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Fourth volcanic eruption in Iceland since December

  • March 19, 2024
  • 2 min read
Fourth volcanic eruption in Iceland since December

Southern Iceland has declared a state of emergency following the fourth volcanic eruption since December. The fast and powerful lava flows bean late on Saturday, 16th March, but flows had been “slow and steady” since Sunday morning, according to the country’s Met Office, IMO.

They reached the eastern and mostly evacuated town of Grindavik and the IMO reported that the lava was around 200m from the region’s water pipe. That pipe is near to a geothermal powerplant that supplies hot water to most of the Reykjanes Peninsula, an area home to nearly 30,000 people.

There could be “dangerous” consequences if the lava reaches the sea as it flows southwards, the head of department at the Norwegian Meteorological Agency said.  “If lava, which is alkaline, comes into contact with sea water, chlorine fumes can be produced,” Kristin Jonsdottir  quoted by Iceland’s public broadcaster (RUV). She warned of “minor explosions” if the lava interacts with seawater. Activity had dissipated around the 3km long fissure.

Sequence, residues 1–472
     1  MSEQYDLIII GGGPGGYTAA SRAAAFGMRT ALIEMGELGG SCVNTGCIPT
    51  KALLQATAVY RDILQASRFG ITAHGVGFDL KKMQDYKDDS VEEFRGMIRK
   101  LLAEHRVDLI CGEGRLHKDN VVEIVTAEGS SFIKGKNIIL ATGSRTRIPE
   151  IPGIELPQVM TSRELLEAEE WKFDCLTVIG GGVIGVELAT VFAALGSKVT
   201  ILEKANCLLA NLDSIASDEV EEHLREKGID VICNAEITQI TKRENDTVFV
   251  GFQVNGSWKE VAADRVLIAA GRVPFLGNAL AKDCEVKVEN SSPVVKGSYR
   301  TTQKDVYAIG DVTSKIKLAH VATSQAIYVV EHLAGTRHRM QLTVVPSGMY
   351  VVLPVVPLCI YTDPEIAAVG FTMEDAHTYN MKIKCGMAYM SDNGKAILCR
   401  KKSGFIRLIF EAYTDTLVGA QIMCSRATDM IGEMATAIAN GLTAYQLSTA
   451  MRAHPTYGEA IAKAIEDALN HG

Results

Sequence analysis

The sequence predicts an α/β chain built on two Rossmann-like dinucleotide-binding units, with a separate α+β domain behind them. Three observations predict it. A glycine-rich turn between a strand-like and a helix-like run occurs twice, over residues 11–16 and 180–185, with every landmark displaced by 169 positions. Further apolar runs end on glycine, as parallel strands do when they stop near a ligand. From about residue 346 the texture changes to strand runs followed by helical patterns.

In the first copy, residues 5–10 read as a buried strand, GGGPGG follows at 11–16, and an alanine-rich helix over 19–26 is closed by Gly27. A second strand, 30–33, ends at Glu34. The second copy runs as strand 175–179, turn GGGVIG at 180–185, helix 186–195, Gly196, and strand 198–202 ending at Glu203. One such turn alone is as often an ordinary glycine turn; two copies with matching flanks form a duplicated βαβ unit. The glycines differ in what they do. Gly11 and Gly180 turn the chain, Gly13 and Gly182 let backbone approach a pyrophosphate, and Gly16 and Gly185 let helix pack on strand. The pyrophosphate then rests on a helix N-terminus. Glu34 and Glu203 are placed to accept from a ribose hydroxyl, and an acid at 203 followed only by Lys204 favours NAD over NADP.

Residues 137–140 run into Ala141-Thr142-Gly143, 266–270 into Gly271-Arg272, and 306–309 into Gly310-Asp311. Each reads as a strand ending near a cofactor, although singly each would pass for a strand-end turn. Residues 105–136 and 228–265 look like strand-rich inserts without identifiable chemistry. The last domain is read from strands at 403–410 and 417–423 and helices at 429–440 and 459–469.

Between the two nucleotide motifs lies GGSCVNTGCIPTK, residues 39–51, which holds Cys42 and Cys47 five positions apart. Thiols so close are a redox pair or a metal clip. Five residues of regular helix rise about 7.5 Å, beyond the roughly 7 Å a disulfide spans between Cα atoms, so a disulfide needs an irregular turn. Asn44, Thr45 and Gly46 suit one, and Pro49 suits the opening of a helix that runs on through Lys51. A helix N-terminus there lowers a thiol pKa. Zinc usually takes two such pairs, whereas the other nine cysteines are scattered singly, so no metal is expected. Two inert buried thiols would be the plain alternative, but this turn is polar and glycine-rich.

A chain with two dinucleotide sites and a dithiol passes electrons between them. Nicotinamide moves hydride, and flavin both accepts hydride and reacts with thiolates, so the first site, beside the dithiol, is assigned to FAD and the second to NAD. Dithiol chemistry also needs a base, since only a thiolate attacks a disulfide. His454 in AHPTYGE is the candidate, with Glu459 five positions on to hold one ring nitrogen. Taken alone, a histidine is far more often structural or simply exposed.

All that could be done to prepare for the flow of lava had been, according to Vídir Reynisson, the director of Iceland’s civil defence who added that the impact on infrastructure was the biggest concern, along with pools of lava gathering near defences. He told reporters on Sunday that all roads to Grindavik would be closed.

The eruption began after 20:23 local time on Saturday north of Grindavik according to the IMO. This is not too far from the location of the eruption that began on, 8th December. Footage showed clouds of smoke and glowing magma oozing and bubbling from vents in the earth.

However, unlike the 2010 eruption, it has not affected the main international airport north-west of Grindavik.

Iceland is home to 33 active volcano systems and sits over the Mid-Atlantic Ridge, the boundary between two of the planet’s largest tectonic plates. The last time the Reykjanes Peninsula had a period of volcanic activity was 800 years ago with eruptions continuing for decades.

This is the country’s seventh eruption since 2021 and scientists believe that the area is entering a new volcanic era that could go on for decades or even centuries.

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